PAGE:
iSpy has 26 ratings and 1 review. Lynn said: This book introduces the idea of what Dr. Andrejevic calls the “digital enclosure,” which suggests the dysto. In iSpy, Andrejevic poses real challenges for our digital future. Amazingly detailed, compellingly readable, it warns that we need to temper our enthusiasm for. iSpy: Surveillance and Power in the Interactive Era. Lawrence: PDF download for Review: Andrejevic, Mark. (). iSpy: Surveillance, Article Information.
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Nancy Hsu marked it as to-read Apr 23, Doug added it Dec 24, Rose rated it it was amazing Nov 20, Andrehevic notes that the information gathered by commercial entities can serve the double purpose of con- sumer and citizen profiling, and that the terrorist threat can be mobilized as a reason for submitting to comprehensive forms of surveillance in the name of national defense.
This book is not yet featured on Listopia. His book offers the first sustained critique of a concept that has been a talking point for twenty years, an up-to-the-minute survey of interactivity across multiple media platforms.
ISpy: Surveillance and Power in the Interactive Era – Mark Andrejevic – Google Books
Many contend that our proliferating interactive media empower individuals and democratize society. In his logic, if differentiation alienated workers, the contemporary process of dedifferentiation further alienates them by making it possible for exploited labor to seep into all facets of everyday life, not just in the workplace.
Kel marked it as to-read Feb 18, Aaron marked it as to-read Mar 15, Lauren marked it as to-read Sep 30, But, in an era now marked by large-scale NSA operations that secretly monitor Whether you’re purchasing groceries with your Safeway “club card” or casting a vote on American Idol, that data is being collected.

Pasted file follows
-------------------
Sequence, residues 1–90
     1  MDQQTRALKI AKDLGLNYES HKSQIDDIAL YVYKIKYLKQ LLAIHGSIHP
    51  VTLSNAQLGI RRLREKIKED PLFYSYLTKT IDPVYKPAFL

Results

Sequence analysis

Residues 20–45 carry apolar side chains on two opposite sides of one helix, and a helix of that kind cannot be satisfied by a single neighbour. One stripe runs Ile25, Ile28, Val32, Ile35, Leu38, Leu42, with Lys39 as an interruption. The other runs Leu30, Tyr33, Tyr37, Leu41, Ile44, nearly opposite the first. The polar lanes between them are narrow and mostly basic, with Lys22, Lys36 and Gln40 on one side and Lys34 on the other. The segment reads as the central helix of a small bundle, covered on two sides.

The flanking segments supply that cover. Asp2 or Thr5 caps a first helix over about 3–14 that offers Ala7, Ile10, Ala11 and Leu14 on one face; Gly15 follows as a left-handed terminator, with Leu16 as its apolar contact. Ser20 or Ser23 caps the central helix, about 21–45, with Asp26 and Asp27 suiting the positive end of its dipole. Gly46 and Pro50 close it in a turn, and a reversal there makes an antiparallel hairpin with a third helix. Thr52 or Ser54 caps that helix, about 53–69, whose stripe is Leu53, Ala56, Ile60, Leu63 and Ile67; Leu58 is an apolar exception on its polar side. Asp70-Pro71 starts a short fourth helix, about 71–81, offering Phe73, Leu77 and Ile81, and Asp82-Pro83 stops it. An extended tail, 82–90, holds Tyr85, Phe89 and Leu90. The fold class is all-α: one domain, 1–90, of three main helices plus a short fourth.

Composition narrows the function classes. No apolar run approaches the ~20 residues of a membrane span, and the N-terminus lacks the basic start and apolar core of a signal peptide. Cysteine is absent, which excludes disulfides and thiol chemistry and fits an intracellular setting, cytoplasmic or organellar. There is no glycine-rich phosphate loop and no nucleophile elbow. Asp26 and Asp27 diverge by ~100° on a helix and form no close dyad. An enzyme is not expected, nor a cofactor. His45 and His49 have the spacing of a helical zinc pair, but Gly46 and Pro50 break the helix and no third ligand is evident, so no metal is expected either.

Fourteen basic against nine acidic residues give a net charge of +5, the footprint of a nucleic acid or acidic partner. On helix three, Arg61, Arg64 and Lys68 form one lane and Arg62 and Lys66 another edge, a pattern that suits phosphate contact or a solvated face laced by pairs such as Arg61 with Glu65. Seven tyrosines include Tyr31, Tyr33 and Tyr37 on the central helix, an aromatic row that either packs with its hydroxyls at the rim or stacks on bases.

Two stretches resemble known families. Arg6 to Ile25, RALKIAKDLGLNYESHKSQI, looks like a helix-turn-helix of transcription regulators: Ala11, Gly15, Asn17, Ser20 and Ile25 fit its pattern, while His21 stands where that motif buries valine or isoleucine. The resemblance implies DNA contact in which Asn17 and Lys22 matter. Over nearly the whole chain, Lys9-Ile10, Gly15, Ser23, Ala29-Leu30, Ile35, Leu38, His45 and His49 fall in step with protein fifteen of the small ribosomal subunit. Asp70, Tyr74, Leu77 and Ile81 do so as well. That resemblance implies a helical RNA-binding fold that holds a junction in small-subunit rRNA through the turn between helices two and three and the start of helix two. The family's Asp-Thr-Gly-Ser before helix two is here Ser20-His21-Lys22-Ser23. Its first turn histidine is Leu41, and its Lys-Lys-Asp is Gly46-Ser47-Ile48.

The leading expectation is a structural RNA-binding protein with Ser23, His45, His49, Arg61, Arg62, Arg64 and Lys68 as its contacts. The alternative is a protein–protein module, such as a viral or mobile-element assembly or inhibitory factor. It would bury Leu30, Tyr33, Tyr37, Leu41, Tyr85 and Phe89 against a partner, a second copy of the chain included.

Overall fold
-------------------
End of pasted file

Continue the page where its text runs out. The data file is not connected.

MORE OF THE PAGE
Cole Stratton rated it really liked it Sep 12, Natalie marked it as to-read Dec 19, CultureAmerica 1 – 10 of 42 books.
Ted rated it it was amazing Sep 03, Patrick Lopez rated it really liked it May 17, Thus, in this book, Andrejevic points to the ubiquity of surveillance cameras, GPS tracking features in mobile phones, and the increasingly sophisticated ways in which social media sites are able to mine personal data and harvest it for analysis and sale. Consequently, he suggests that such a potential for democra- tic deliberation might have been possible in the not too distant past but has been usurped by the totalizing nature of andrrjevic digital enclosure.
Sally added it Jul 25, Athena rated it really liked it Nov 23, This book introduces the idea of what Dr.
He refuses to simply describe; instead, his descriptions constantly forward an argument through a process of unfolding and careful critique. Thanks for telling us about the problem. His sharp condemning criticism of contemporary media structures and the contemporary political culture is countered by a certain idealism he maintains in relation to a society that is more communal and democratic in nature. Eric Swenson rated it really liked it Mar 20, Andrejevic contended that the ability of real people—those who are not officially part of the entertainment industry— to participate in a realm from which they have been excluded is offered, at least in part, as compensation to the public for allowing themselves to be watched.
Andrejevic opens up the world of digital rights management and the data trail each of us leaves-data about our locations, preferences, ajdrejevic life events that are already put to use in various economic, political, and social contexts.
In iSpyhe reveals that these and other highly touted benefits are accompanied by hidden risks and potential threats that tend to be ignored by mainstream society. He notes that, while citizens are becoming increasingly transparent to private and public monitoring agencies, they ahdrejevic are unable to access the information gathered about them-or know whether it’s even correct.
Chocolateraine ospy it really liked it May 08, University Press of Kansas- Ospy – pages. Alexia Nachios rated it really liked it Mar 28, Although Andrejevic does acknowledge the potential pleasure that consumers might experience through the digital technologies, it is diffi- cult to see how this pleasure might be seen as anything besides a kind of false con- sciousness on the part of a duped consumer.
Review of Mark Andrejevic’s “iSpy: